Thi Qar Bee Farm Thi Qar, Iraq
SPECIAL INSPECTOR GENERAL FOR IRAQ RECONSTRUCTION ARLINGTON VA
Pagination or Media Count:
Iraqs once-flourishing honey industry is struggling to revive itself, hit by long-term environmental degradation and six years of unrest that followed the 2003 U.S.-led invasion. Honey production has fallen by almost half since the 1980s. Bee keeping declined sharply after 2003 because of the lack of security in places where the hives were located. Lack of developments in the farming sector and cuts in water supply have destroyed vegetation and fields where bees once gathered pollen and beekeepers face hardships from droughts and lack of financial assistance. Beekeeping in the Fertile Crescent dates back to ancient Mesopotamia. However, beekeeping was virtually unknown in southern Iraq. In 2005, a small group of engineers and farmers in Thi Qar province formed the Iraqi Beekeeping Association of Thi Qar and started to disseminate the culture of beekeeping. The benefits were clear. Honey is a high value food item that is currently imported and sells for 15 to 40 dollars a kilogram. Cultivating economically viable domestic production of honey was a natural economic niche. Also, beekeeping has beneficial environmental effects. Bees are great pollinators for fruits and vegetables and, in establishing their territory, decrease insect attacks on plants.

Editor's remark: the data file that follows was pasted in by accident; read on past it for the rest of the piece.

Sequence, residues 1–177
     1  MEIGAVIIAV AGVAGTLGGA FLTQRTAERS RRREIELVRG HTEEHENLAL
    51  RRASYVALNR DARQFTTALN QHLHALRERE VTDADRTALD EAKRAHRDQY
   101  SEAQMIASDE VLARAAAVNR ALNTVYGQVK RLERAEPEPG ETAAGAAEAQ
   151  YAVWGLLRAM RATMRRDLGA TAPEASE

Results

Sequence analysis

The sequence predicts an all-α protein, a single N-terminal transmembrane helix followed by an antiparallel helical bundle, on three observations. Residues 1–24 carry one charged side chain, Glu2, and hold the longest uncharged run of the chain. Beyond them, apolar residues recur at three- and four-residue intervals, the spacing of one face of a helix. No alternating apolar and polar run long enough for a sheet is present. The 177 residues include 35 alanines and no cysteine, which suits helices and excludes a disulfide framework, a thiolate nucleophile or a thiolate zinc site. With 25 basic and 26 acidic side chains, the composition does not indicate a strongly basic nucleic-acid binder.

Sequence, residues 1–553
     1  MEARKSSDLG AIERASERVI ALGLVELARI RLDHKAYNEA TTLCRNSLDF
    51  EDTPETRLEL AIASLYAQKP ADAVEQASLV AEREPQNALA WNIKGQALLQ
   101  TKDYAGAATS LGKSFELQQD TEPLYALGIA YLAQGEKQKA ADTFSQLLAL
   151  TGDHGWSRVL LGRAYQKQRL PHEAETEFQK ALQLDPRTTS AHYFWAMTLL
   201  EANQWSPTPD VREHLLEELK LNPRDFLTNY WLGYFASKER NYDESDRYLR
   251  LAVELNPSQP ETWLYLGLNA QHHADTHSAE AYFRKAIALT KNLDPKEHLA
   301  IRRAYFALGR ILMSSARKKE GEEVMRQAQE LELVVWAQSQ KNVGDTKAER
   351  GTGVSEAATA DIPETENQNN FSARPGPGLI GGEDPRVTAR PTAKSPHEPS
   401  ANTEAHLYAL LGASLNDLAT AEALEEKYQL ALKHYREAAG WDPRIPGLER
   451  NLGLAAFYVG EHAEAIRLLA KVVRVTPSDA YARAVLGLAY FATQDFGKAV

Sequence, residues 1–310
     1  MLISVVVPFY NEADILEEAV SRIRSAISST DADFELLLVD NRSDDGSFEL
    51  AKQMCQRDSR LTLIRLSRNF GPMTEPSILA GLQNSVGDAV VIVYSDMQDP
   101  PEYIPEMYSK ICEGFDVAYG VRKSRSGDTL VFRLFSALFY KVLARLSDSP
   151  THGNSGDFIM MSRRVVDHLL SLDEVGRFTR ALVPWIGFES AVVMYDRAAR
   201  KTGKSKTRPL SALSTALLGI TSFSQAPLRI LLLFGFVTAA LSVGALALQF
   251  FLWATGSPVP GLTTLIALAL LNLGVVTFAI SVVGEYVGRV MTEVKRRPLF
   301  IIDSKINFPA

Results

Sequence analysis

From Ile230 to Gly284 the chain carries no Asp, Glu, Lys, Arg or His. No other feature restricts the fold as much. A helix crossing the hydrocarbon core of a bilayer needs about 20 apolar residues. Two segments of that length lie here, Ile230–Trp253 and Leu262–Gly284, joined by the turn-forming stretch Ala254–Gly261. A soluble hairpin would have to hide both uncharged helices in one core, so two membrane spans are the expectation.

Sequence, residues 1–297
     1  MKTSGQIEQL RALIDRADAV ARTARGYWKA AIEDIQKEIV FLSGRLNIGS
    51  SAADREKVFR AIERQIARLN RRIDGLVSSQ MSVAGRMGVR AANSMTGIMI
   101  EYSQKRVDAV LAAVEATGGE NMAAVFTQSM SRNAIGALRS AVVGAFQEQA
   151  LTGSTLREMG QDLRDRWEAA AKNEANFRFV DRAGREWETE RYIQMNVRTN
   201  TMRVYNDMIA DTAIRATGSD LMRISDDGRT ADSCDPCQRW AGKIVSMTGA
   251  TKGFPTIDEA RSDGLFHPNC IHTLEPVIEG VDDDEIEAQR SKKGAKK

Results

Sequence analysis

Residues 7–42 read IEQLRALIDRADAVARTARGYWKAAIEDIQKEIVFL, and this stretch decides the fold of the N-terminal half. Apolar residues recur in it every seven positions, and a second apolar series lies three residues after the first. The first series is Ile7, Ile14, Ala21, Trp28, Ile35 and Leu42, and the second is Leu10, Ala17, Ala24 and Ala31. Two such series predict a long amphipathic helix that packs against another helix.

- Agricultural Economics
- Agronomy, Horticulture and Aquiculture
- Food, Food Service and Nutrition
- Physical and Dynamic Oceanography